Sluggish activity in the primary and secondary left most prices in the municipal market slightly weaker Monday.
Ahead of a sturdy calendar, business was steady, marked by retail investors “pecking away” on deals, a trader in Texas said.
“From here, watching where some of the deals from last week are trading, it looks like the market is still in pretty good shape,” he said.
If investors showed particular interest in any part of the market, he added, it was in zero-coupon bonds, particularly those from California. Those spreads appeared to tighten.
“People are getting some extra yield without having to extend duration or go down in quality,” he said. “But if you look at [Municipal Securities Rulemaking Board] reports, you can track percentages of what kinds of coupons are trading. You’ll see that zero coupons normally average around 2%; they’re up in the 6% range.”
By some accounts, investors waiting for the coming calendar and armed with cash were expected to light up the secondary market with activity this week, starting Monday. But instead, traders reported little buying.
The market will see rollover cash from bond redemptions, maturing bonds, and refunded debt expected to total $27 billion for the month of December. There have also been healthy inflows to muni bond mutual funds.
Collectively, the environment appears decidedly pro-bond, a trader in Chicago said.
“There still are solid inflows, and we have all this money coming due,” he said. “The expectation with a lot of participants is that we’d see a lot of follow-through in the secondary, and we just haven’t seen it.”
There were a lot of customer bid-wanteds, he added. But from the demand perspective, there was little activity compared with that seen over the past couple of weeks.
“People aren’t buying bonds in the secondary for the middle-market and retail-type customers,” the Chicago trader said. “It’s a little befuddling.”
But this makes sense, said the trader in Texas, as much of the redemption money was probably put to work in advance last week. “When-Issued” paper that’s purchased doesn’t settle until after one or two weeks in most states, he said. Thus, traders don’t pay for those deals until the money reaches their accounts.
“So, a deal that was priced last week, for example, could be some of that December money going to work, because it doesn’t settle for two weeks; that’s part of that, too,” he said. “You’ve got WI paper, stuff that doesn’t settle until the middle of December. But the trader knows he’s going to have the money so he puts his client in the deal.”
This week, an estimated $8.36 billion of new volume is expected to arrive, paced by two New Jersey Transportation Trust Fund Authority deals that total more than $1.2 billion. Last week, a revised $6.75 billion reached the market, according to Thomson Reuters.
Retail investors took their shots at one of the week’s larger issues Monday as Wells Fargo Securities priced $817.4 million of Texas Transportation Commission state highway improvement general obligation bonds. The bonds are rated Aaa by Moody’s Investors Service, AA-plus by Standard & Poor’s and AAA by Fitch Ratings.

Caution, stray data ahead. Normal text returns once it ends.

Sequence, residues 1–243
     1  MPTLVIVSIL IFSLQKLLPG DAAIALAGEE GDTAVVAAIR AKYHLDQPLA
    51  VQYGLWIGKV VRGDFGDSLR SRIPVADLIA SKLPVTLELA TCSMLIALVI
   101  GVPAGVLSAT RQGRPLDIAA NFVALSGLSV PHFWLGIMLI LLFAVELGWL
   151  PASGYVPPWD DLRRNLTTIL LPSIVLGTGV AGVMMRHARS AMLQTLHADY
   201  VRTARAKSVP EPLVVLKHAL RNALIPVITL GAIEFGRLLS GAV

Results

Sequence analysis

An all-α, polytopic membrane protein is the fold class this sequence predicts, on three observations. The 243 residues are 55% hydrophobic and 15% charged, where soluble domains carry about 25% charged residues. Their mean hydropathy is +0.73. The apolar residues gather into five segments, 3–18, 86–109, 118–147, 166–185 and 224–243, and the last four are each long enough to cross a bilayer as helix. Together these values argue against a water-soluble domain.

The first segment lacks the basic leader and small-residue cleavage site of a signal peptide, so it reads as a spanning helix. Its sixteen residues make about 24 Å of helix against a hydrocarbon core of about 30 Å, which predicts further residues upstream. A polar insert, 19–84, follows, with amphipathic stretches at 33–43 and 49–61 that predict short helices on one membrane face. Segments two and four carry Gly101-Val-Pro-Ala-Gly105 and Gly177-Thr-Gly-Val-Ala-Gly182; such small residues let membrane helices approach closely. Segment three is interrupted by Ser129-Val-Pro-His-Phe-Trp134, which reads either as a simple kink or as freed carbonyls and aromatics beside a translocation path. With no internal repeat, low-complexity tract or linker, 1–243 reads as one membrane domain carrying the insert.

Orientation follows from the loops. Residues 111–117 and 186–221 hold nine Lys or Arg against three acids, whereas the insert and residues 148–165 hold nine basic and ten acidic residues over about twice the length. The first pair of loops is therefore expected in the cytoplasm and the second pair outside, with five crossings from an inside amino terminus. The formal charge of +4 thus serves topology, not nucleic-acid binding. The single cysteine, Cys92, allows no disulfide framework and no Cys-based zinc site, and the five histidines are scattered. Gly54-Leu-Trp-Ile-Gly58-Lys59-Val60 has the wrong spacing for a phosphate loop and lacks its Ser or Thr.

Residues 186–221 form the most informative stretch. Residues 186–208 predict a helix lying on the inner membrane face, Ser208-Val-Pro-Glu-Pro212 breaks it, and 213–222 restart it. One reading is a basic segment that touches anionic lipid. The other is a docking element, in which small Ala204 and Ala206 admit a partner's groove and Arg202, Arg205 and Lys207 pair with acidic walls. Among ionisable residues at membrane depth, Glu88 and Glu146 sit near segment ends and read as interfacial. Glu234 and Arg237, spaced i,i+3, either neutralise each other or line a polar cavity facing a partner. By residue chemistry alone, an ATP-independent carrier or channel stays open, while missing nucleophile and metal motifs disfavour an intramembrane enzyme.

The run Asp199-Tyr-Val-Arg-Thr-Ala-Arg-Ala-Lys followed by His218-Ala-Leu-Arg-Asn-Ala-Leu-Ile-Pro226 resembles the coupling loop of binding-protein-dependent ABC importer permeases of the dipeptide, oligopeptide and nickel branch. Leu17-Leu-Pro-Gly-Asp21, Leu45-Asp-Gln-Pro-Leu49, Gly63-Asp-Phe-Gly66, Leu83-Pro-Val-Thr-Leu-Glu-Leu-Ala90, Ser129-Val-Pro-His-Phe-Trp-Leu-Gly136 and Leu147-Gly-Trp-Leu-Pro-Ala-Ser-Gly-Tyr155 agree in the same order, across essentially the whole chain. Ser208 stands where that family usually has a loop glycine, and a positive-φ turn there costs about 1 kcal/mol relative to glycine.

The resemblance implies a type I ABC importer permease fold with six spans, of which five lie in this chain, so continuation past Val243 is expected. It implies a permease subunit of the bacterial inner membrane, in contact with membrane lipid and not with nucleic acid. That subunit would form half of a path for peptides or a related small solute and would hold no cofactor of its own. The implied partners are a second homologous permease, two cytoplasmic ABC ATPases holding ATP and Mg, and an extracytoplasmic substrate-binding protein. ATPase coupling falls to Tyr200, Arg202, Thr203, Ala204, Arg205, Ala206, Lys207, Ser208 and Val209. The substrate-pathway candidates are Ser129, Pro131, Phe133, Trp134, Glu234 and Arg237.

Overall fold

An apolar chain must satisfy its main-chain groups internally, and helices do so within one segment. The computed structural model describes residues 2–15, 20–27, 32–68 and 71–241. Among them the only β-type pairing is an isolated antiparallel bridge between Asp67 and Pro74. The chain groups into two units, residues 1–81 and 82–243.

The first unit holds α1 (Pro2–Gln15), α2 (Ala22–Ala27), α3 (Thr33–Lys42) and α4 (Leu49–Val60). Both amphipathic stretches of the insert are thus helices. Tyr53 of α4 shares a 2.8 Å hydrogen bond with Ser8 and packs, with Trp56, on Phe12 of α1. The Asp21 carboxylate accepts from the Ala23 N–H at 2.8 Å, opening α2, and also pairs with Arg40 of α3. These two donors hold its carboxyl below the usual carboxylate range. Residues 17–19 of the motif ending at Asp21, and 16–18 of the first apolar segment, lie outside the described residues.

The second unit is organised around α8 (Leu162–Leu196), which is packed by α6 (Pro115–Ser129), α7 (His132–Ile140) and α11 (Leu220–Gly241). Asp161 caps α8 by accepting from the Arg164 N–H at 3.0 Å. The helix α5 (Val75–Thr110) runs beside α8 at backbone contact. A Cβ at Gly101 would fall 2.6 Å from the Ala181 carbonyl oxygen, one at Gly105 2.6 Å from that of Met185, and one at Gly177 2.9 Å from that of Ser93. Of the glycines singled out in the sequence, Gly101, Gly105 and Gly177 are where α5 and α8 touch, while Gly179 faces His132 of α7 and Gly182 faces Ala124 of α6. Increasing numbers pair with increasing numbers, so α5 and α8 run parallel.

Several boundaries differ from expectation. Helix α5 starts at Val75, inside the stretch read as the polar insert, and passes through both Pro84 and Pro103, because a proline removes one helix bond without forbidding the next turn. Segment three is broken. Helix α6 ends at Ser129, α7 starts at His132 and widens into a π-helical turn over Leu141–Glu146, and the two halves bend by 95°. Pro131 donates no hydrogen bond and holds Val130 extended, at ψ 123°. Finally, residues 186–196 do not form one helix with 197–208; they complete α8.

Yields ranged from 0.88% with a 5.00% coupon in 2019 to 2.23% with a 5.00% coupon in 2032. Credits maturing in 2028 through 2031, 2036 and 2042 were not offered to retail.
The bonds are callable at par in 2022. Wells Fargo should hold pricing for institutions on Tuesday.
For December, the first two weeks represent the optimal time to come to market before the holidays arrive, said John Hallacy, a managing director and manager of municipal bond research at Bank of America Merrill Lynch. The timing likely influenced issuers participating in this week’s robust calendar.
“Rates have been a little bit more volatile, but then we rallied back to 40-year lows here,” Hallacy said. “It’s hard to pick the bottom, but here we are at the bottom. So, if you’ve got something to do, then why not [do it now]? You don’t want to run into the headwinds of the fiscal cliff and sequestration and everything else that’s going on.”
What’s more, issuers must comply with spend-down rules, he added. Under the tax code, muni issuers must spend bond proceeds within a certain period — the temporary period is usually about three years on most projects — so the money doesn’t sit unused.
“So you can’t get too far ahead of when you really need the funds,” he added.
With today’s market conditions, investors would be more inclined to look in the intermediate range to somewhat farther out along the yield curve, according to Hallacy.
Tax-exempt yields climbed slightly at Monday’s close, according to a market read. Triple-A yields beyond six years on the curve ticked up one basis point.
Muni yields ended Monday’s session higher beyond the front end of the curve, following almost a week-long rally. The 10-year yield rose to 1.48%, one basis point above the record low it set Wednesday, according to the Municipal Market Data scale read.
The 30-year yield also closed one basis point higher at 2.48%, dangling above its record low. The two-year held at 0.30% for the 46th straight trading session.
The Treasury yield curve opened the week mostly higher across the front and intermediate sections. The benchmark 10-year yield climbed one basis point to 1.63%.
The two-year yield inched up one basis point to 0.27%. The 30-year yield trimmed its losses on the day, slipping one basis point to 2.80% after jumping four basis points in the morning.